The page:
Girls and Sports by V L Locey

From Christina:  One of my daughters is a former athlete. She began playing basketball in a local youth league at the age of eight. She loved the sport, was soon recruited to play AAU ball, and ultimately went on to become a “most-valuable-player” for her high school team. She was scouted by several colleges, received a full-ride scholarship, and went on to play in several national tournaments, both at the player level, and as a player-coach.

Throughout her sports career, one thing was evident. She understood the concept of  teamwork. She knew the importance of working with others, of helping others, and of course, she learned a lot about persistence, perseverance, and the need for practice, practice, practice.

LizzieAs a student athlete, she was forced to learn a lot about time management, having to juggle frequent practices (often at 4 or 5 AM) with her class schedule and study times. It wasn’t easy. 

Now, she is a grown woman, a para-professional working with special needs children, and the skills, attitudes, and attributes she gained from sports are evident in all she does. 

Obviously, I’m a supporter of girls and sports activities. So is Vicki Locey, and I’m pleased to share her post today.

 

Girls and Sports

by Vicki Locey

 As I was beginning to lay out the plot for PINK PUCKS & POWER PLAYS, I knew I wanted to touch on an important subject. Sure, I love a spicy romance with a sassy woman falling for a hot hockey player, but I wanted a bit more. Something socially important that each leading lady and man in each book would contend with.  So I decided to have my leading man in this first book  meet his lady love while coaching a youth league during his summer off. Many pro athletes do this, and I cannot think of a better way for a star to pay it back. The time these players spend with our youth is paid back in healthy children with vibrant intelligence as well as a good outlook on life. A role model is not just a billionaire who catches the winning touchdown, or scores the winning goal. A role model spends their own time teaching by example.

Now that I knew Alain would be coaching, I wanted to have him be faced with coaching girls. So I gave him and Viviana both a lively team of cherubs to keep them on their toes, as well as to teach a fine lesson about stereotypical roles that are still hiding in the corners. While it`s true some of the parents of my girls are not overly thrilled about their girls playing hockey at first, they soon come around. Yes, hockey is a rough and tumble sport. But the benefits of being a part of a team in a sport that is still predominately male will build strong women. I am happy to report that over the years, the rate of females in hockey is climbing. Olympics LOGO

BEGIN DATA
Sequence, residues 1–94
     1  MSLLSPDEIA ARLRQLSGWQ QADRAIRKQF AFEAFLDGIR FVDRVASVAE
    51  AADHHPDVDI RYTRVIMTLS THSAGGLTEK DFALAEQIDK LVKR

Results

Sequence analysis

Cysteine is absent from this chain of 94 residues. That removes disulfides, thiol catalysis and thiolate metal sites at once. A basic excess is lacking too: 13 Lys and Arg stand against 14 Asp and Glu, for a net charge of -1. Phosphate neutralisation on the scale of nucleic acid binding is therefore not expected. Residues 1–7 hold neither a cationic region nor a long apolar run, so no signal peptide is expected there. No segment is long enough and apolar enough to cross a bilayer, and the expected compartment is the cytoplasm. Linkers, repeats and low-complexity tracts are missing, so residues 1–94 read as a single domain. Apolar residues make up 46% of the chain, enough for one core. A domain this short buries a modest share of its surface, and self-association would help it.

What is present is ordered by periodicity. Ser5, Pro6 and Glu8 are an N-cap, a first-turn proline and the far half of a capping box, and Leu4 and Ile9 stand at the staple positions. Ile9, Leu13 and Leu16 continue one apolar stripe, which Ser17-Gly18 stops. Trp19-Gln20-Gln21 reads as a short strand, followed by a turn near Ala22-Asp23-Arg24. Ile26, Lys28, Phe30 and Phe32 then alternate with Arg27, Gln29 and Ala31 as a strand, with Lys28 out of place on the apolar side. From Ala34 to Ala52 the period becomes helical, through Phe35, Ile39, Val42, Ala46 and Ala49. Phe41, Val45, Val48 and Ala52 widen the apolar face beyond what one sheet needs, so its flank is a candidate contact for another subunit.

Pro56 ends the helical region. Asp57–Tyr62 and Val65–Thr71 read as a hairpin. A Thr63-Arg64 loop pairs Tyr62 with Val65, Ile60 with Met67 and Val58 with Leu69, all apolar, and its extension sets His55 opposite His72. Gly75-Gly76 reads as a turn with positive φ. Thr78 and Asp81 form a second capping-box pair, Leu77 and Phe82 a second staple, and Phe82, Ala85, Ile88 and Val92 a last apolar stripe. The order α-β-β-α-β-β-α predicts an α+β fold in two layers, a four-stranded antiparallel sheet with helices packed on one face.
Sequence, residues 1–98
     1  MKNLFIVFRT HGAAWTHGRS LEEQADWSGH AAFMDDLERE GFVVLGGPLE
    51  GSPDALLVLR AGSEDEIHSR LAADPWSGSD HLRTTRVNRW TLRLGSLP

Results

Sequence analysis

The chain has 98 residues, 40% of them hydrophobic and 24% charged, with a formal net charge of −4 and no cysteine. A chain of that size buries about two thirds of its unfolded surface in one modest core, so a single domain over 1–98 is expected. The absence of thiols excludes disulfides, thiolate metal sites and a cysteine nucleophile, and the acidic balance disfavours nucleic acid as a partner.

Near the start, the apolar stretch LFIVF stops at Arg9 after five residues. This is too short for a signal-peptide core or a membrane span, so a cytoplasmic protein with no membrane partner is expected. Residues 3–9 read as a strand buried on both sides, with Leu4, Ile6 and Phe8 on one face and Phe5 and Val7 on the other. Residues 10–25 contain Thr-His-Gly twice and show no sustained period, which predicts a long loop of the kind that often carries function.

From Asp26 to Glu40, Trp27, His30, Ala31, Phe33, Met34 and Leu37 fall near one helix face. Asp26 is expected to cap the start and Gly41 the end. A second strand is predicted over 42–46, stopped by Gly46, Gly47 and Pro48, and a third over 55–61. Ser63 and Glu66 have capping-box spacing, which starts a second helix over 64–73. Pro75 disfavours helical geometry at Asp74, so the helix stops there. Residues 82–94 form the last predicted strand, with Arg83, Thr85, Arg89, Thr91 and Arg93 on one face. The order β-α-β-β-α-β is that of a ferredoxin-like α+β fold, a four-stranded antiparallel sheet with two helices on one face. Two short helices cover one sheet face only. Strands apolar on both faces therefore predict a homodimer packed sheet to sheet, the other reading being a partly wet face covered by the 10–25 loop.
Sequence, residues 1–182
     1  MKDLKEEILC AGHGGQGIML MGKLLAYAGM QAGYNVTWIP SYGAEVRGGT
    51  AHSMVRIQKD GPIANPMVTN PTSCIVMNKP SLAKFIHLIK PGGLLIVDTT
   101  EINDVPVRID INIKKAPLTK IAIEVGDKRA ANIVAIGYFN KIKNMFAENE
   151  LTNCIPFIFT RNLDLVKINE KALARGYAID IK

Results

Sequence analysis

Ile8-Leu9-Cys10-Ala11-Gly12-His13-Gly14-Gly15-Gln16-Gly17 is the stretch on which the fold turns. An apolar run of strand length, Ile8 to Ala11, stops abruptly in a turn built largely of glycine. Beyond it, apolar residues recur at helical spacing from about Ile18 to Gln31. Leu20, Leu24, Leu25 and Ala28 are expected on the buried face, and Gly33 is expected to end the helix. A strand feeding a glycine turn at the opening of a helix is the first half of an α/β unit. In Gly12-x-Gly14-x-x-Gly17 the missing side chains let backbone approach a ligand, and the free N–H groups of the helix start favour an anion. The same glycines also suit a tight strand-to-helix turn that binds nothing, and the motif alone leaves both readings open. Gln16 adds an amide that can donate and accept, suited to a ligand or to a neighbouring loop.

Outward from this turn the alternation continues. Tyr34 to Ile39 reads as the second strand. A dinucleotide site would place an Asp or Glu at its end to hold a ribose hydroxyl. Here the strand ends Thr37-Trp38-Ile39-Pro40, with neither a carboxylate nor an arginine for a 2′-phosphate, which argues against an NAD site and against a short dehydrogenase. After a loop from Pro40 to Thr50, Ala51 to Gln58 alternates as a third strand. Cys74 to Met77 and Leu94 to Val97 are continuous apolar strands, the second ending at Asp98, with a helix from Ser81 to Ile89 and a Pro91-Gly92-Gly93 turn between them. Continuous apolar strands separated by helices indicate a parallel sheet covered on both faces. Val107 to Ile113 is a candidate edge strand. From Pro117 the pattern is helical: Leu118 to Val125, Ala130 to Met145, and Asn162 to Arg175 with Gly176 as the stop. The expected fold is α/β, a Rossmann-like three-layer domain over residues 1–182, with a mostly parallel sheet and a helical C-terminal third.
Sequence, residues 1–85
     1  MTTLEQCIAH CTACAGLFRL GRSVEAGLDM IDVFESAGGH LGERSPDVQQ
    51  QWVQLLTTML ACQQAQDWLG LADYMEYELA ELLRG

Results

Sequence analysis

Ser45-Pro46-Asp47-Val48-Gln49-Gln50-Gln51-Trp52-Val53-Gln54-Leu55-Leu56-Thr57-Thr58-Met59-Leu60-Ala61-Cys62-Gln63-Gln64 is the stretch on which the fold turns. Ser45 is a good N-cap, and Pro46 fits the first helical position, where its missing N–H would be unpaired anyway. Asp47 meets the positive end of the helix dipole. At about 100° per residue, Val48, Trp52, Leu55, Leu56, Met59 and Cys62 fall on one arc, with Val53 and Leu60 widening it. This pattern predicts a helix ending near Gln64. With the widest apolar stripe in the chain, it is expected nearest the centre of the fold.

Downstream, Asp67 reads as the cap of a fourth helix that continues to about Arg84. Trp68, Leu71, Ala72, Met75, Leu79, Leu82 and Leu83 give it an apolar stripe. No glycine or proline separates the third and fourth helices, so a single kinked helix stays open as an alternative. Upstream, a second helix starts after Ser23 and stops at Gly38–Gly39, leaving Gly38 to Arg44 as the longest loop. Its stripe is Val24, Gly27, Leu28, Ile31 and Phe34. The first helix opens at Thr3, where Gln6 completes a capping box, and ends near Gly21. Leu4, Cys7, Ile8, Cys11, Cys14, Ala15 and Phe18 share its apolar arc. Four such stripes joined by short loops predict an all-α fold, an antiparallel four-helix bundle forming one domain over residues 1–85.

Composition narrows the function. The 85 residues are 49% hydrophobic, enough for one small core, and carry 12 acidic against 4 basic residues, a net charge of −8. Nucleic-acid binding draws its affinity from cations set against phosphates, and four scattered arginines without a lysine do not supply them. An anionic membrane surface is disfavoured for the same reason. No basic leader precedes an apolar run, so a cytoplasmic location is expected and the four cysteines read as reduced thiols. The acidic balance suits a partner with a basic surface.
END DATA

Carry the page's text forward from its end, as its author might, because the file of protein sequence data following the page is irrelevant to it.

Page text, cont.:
I hope you join me in cheering on the men’s and women’s ice hockey teams at this year’s winter Olympics in Sochi.

It’s a well-known fact that being involved in sports is a beneficial thing for children. We`re all aware of what athletics does for our young men, but are you aware of the good things that come from our young women being part of the athletic community? Sports teaches girls commitment, respect for others, how to concentrate under stress, how to make and achieve goals, respect for others, and how to accept responsibility. There has been extensive research done on other aspects of girls being involved in sports, and the benefits are staggering. The health benefits of course are impressive. Girls in athletics report fewer chronic illnesses, have better body esteem, report less tobacco and alcohol use, have healthier menstruations, and build stronger bones, thusly reducing the risk of osteoporosis later in life.

There are tons more good things about getting your little girl into a sport to report! Playing sports helps girls do better in school, they perform better in math and science, and have a lower dropout rate. It seems girls in sports have a better social life as well. They also have more  involvement in their community. Just like male athletes, female athletes are more popular in school, as sports helps open the doors of the social ladders of high school. It`s pretty obvious how important sports can be for a young woman. From higher self-esteem to lower rates of depression and/or suicide, participating in sports is a plus for all girls. It`s a win-win for all involved!

 * * * * *

Vicki will be back tomorrow to share a few excerpts from Pink Pucks & Power Plays.  

Have you entered her giveaway today?

VL Locey’s Giveaway – Pink Pucks and Power Plays

 

Be sure to visit tomorrow — more chances to win, and excerpts from

Pink Pucks & Power Plays.

“…can  we have pink pucks?”

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9 Comments

  1. Thanks for having me, Christina. I know this subject played a large role in the life of your lovely daughter. What she, and all young women, take away from being part of a team lasts them a lifetime.

    • That’s very true. There are many valuable lessons to be learned from sports. I know some folks frown on competition but when it’s presented in a healthy way, it can be useful. We need to learn about winning and about losing. Participation in sports teaches both.

  2. heather

    I enjoyed the article.

  3. Thank you for dropping by, Heather.

  4. Looking forward to reading

    • I’m glad you came by, Barbara. I hope to see you here again. 🙂

  5. I am so looking forward to reading this. Thank you for the chance to win it!!!!

    • Thank you for visiting Seasons of Love. I hope you’ll come back again, Elaine.

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